It's been a couple years, but if I recall correctly (and I may not) his operating thesis is roughly that extraterritorial military campaigns were a requisite element in the development, deployment, and maintenance of imperial political power, and over time it became more and more expensive to project this power, leading to the use of mercenary forces recruited from the borders. Over time, these forces brought their cultures into the empire and shifted the culture's direction while at the same time adopting many aspects of the prevailing Imperial pan-Roman culture.

The aspect of his analysis that struck me as new was his emphasis on examining the emerging documentation of large-scale population migration out of Asia and into Europe creating turmoil and competition for resources on the borders of the Empire. This is an area I am far from expert in however and what is novel to me may be old helmet to a devoted scholar.
posted by mwhybark at 5:12 PM on January 25, 2013

Not sure if your title was alluding to it or not but have you read Roma Eterna? Had mixed reviews and focuses on the upper classes but pretty epic alternate history.
posted by Wretch729 at 5:40 PM on January 25, 2013

Reddit. duh.

You could also try searching for "Rome" in the Historical What-if Subreddit.
posted by zombieflanders at 5:52 PM on January 25, 2013

Robert Silverberg, one of the greats, wrote "Roma Eterna," which is Alt. History. Its components were variously published as short stories or novellas, of which I've read only one, "Via Roma," in which a kilted savage from the Tin Isles visits the capital. Oh, I see Wretch729 beat me to that one.

Also, FWIW, Rebecca M. Meluch wrote (as R.M. Meluch) a series of SF novels collectively called "Tour of the Merrimack," which are probably a bit right-wing for the taste of many, but includes a powerful spacefaring US, a less powerful spacefaring UN as a minor power, and a rebel-colony-turned spacefaring power called Palatine, which models itself as a new Roman Empire, its citizens as cultural descendants of Rome, having maintained an underground society since the original empire's collapse. Palatine models its military and government on the patterns of Rome, which probably means that the author wanted to write space operas but also liked to really geek out on Roman history.
posted by Sunburnt at 8:27 PM on January 25, 2013

Hi, I'm a Roman historian, just here to say that speculative fiction is where you should be looking, not academic literature. "What if" is not really a game that professional historians play, at least not before a few stiff drinks.
posted by oinopaponton at 9:04 PM on January 25, 2013 [3 favorites]

The serious historians on reddit hang out in AskHistorians. There are several Roman historians that post every day about this.
posted by sanka at 9:48 PM on January 25, 2013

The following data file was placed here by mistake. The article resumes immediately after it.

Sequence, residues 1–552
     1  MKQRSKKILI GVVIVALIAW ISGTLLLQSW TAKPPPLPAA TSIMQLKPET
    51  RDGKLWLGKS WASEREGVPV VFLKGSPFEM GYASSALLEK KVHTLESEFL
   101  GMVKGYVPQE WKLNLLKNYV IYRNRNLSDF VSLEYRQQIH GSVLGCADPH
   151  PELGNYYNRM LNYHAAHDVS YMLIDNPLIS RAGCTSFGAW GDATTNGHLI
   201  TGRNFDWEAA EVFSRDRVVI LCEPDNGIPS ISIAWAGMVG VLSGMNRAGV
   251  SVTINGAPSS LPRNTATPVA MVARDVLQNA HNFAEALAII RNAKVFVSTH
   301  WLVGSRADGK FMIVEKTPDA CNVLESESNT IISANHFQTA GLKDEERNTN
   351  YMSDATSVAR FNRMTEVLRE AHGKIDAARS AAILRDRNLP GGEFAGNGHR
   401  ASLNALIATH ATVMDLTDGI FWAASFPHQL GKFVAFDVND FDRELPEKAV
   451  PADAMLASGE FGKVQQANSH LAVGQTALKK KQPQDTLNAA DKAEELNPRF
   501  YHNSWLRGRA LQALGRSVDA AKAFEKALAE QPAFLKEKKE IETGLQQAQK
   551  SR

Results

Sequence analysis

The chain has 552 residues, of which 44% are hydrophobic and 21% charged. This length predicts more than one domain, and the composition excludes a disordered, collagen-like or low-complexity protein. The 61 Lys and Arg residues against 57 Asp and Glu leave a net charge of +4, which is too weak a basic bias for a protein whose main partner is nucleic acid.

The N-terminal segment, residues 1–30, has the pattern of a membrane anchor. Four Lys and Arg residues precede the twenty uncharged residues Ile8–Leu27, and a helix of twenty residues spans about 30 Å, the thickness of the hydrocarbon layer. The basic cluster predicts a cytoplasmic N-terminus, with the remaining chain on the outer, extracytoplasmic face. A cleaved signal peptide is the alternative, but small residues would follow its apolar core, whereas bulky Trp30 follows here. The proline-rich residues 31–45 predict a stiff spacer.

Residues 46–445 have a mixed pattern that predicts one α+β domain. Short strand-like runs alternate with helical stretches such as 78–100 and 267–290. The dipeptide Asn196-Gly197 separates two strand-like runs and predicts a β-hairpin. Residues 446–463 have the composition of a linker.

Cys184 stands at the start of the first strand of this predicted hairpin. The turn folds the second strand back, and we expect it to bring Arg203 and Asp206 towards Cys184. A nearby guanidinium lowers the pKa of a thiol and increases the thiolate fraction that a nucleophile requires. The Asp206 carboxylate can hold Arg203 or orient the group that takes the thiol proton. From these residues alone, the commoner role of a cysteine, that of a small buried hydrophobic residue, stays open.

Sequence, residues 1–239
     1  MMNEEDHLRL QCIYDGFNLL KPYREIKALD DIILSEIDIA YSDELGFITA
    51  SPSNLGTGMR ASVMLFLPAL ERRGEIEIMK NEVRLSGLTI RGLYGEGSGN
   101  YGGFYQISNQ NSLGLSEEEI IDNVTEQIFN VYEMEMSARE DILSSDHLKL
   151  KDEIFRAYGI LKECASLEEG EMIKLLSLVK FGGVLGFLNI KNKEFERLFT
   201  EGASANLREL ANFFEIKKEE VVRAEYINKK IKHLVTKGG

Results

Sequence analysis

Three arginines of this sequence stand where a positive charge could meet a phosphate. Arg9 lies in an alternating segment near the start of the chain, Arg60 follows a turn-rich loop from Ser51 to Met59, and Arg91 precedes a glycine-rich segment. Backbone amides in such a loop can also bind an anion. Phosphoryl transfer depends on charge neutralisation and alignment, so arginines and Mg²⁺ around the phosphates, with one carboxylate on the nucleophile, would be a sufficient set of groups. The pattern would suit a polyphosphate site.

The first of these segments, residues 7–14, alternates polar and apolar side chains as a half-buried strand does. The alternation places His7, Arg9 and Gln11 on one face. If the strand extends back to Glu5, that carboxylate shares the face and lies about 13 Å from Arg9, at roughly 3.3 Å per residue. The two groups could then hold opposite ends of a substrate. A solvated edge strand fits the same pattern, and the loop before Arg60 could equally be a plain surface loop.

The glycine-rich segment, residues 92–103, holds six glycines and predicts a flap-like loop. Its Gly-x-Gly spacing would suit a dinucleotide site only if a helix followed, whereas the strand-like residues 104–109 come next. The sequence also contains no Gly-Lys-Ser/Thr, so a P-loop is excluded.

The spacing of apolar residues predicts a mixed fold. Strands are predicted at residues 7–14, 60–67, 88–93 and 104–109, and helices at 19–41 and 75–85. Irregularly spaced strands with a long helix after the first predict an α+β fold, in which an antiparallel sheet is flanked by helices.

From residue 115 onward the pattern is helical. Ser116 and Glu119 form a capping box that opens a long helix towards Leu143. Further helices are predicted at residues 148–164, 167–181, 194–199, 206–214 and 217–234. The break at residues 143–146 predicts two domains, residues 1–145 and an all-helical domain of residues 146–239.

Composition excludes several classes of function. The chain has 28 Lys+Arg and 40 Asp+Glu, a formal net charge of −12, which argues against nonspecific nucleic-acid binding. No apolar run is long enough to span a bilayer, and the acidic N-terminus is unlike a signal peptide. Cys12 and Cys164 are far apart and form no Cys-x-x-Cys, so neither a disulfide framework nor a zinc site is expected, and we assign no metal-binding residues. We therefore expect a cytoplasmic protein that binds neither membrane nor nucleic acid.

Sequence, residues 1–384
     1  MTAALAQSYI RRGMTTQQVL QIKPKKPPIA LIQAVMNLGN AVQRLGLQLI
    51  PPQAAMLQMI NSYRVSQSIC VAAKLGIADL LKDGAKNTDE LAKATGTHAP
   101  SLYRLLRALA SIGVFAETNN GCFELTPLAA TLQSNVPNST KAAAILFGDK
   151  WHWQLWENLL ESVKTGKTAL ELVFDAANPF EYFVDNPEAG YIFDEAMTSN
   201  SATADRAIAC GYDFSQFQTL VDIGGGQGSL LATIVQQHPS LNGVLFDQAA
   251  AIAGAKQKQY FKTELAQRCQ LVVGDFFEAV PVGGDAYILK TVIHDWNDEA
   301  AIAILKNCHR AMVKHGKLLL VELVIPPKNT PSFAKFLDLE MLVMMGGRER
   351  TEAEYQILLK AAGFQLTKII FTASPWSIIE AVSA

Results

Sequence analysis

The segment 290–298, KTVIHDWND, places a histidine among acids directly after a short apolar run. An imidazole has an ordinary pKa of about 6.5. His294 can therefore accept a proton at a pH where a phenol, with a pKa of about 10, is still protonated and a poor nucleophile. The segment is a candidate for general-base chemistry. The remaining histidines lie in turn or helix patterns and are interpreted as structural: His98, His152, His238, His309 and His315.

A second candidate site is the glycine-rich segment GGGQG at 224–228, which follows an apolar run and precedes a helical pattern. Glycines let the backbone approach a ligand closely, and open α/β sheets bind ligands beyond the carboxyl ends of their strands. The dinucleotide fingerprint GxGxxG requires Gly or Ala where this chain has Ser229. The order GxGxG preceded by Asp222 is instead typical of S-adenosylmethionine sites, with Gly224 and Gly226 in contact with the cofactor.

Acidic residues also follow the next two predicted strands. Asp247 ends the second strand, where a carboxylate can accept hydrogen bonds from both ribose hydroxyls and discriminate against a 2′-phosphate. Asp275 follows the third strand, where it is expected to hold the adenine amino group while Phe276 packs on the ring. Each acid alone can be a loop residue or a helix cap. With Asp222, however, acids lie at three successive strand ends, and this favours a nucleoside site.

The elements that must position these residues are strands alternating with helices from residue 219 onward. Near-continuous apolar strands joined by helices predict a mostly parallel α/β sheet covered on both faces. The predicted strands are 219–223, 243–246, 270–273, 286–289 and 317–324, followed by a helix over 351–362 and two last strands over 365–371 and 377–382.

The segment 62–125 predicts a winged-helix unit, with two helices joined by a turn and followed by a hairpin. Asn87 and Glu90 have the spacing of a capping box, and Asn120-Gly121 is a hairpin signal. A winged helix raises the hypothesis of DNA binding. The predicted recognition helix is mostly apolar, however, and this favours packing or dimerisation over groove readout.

You might enjoy the TV show Caprica, about a Roman-style civilization in the near future with access to space ships and sentient robots. The show pretty explicitly compares the modern USA to this fictionalized Roman empire. The plots weren't great but the backstory was fantastic.
posted by miyabo at 2:14 PM on January 26, 2013

There are several more alternate history books here. In general, I found alternate history books were fun to read but the history in them was questionable.

I also recommend hang out at AskHistorians. AskHistorians' Master Book Lists for ancient Rome also have couple books you might be interested in.

The Fall of Rome and End of Civilization by Bryan Ward-Perkins. A work that has quickly become a standard, it uses archaeology to provocatively draw a harsh line between the Roman and post-Roman world. It also functions as an excellent introduction to archaeology and the Roman economy.

How Rome Fell by Adrian Goldsworthy. Goldsworthy is the author of numerous works of popular history and is very familiar with the form. He provides and excellent and detailed narrative, as well as an analysis focused on political systems

AskHistorians' FAQ for Decline of Roman Empire and Late Antiquity will answer many questions you will have. If you need more foundation for your historical study of Roman Empire, look at this relevant post from Blue.

Now for my opinion.

The city of Rome cease to be important after Crisis of Third Century. In a sense, Crisis of Third Century, was a real world example of how Roman Empire avoided its decline. It was by luck that Roman Empire survived. It was increasingly unsafe for emperors to stay in Rome while crisis was going on in the frontier. The capital of Roman Empire was whatever the emperors happen to be located. After fourth century most emperors don't even bother to live in Rome. During the Tetrarchy the four emperors were headquartered in Trier in Germany, Milan, Sirmum in Serbia, and Nicomedia in eastern Turkey. Even after the empire was reunified then divided into Eastern and Western half, the headquarter of Western empire was in Ravenna, while the Eastern empire was in Constantinople.

Traditionally you will see historian listed 476 AD as fall of Roman Empire. I think it was silly to list 476 AD as date of any important. First of all, there was still an Emperor in the Constantinople. Even Odoacer, the general who deposed the last western empire sent a word to eastern emperor Zeno that "the west… no longer required an emperor of its own: one monarch sufficed for the world" So even the person who supposedly caused the fall of Roman Empire still agree there was a Roman empeor. Unfortunately for Odoacer, Zeno dislike him. Zeno would sent another barbarian king to destroy Odoacer.

Other speculative questions you might want to consider:
What if the Roman won Battle of Cape Bon in 468?
What if Plague of Justinian didn't happen and Justinian successfully restored the Roman Empire?
What if the Crusaders didn't sack Constantinople.

posted by Carius at 7:35 PM on January 26, 2013

You might also look earlier to the Battle of the Teutoburg Forest, a disaster that cemented the Rhine as Rome's northern boundary.
posted by Chrysostom at 1:26 PM on January 28, 2013